VI. History 

1. History S222 (3) Modern European History 

2. History S334 (3) American History 

3. History S108x (2) Citizenship 

VII. Philosophy 

1. Philosophy S303 (3) Ethics 

VIII. Physical Education 

1. Hygiene S102 (2) Health Education 

2. Physical Education S214.. (2) Practices and Procedures in 

IX. Religion Physical Education for Ele- 

mentary Schools 
1. Religion B. h. S101 (3) Bible Survey 

X. Science. 

1. Science S102 (4) Physical Science Survey 

XI. Sociology and Economics (Lab. fee, $3.50) 

1. Sociology S309 (2) Rural Sociology 

2. Economics S201 ...(3) Principles of Economics 



The New North Carolina Course of Study 

A special effort will be made to acquaint the teachers in attend- 
ance with the use of materials in the North Carolina Course of 
Study. This will be done, as a whole, through the instructors of 
the special and general method courses. 



* 



Workshop for Principals and Supervisors 

Because of the success of the workshop last summer session, plans 
are being made to provide during the first session of the 1943 Sum- 
mer School a workshop for principals and supervisors. The workshop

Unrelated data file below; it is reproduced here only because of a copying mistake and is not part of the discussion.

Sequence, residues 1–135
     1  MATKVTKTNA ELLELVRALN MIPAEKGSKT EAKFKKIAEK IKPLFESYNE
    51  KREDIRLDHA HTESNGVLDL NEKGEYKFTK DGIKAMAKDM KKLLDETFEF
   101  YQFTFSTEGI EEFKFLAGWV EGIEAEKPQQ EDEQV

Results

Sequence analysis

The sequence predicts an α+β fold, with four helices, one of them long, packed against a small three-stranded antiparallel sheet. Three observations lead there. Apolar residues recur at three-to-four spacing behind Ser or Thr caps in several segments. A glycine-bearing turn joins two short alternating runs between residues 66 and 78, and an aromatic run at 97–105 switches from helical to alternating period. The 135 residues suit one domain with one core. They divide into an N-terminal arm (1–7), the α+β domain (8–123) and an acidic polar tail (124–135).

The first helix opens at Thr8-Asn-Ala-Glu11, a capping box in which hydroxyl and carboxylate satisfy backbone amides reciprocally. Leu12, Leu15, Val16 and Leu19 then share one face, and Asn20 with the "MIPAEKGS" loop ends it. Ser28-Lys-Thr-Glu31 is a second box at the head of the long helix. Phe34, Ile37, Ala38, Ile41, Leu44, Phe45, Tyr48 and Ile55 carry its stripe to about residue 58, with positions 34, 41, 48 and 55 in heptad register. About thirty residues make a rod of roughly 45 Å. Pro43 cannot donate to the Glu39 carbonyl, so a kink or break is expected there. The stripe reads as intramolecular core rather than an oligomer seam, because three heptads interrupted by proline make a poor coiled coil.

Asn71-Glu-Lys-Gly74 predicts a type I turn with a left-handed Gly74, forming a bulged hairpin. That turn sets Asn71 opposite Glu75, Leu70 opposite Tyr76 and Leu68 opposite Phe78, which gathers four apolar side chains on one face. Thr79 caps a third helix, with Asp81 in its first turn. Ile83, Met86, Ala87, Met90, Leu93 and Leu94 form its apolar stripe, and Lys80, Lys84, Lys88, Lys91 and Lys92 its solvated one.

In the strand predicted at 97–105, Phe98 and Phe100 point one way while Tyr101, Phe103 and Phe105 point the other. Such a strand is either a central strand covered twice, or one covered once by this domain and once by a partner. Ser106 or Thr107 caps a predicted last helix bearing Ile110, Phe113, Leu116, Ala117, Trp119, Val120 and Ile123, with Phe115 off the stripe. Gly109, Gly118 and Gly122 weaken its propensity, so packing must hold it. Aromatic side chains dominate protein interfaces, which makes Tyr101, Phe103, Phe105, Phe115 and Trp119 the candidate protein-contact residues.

is designed to give its members an opportunity to clarify their think- 
ing on problems of educational philosophy, and to give them assistance 
in defining educational objectives. Each member will be given a 
chance to work on problems which are encountered in his particular 
school situation. Those who bring similar problems will be encour- 
aged to work in small, informal groups. In addition, they will have 
easy access to the services of a group of sympathetic and competent 
workshop specialists. 

The workshop is under the supervision of the Division of Negro 
Education, State Department of Public Instruction. 

Those who attend will be given credit for six semester hours in 
supervision and administration. These hours will fulfill the State's 
requirements for the principal's or supervisor's certificate, and, in 
addition, serve to renew certificates. 

Registration for the workshop will begin June 7. 

For further information, please feel free to communicate with the 
Director of Summer School. 



* 



14 The Shaw University Bulletin 



Annual Ministers' Institute and Women's 
Leadership Training Conference 

June 14-18, 1943 

Annually, during the second week in June, Shaw University pro- 
motes an Institute for Ministers in cooperation with the General 
Baptist State Convention, and a Leadership Training Conference in 
cooperation with the Woman's Home and Foreign Missionary Con- 
vention of North Carolina. The program provides especially pre- 
pared courses of study dealing with subjects of special interest to 
pastors; discussions and open forums on topics of vital interest; 
addresses and platform talks by specialists in various phases of 
religious work; and opportunities for fellowship with fellow min- 
isters of varied experiences and backgrounds. 

The Institute for Ministers and the Women's Leadership Train- 
ing Conference wil be held simultaneously from June 14-18.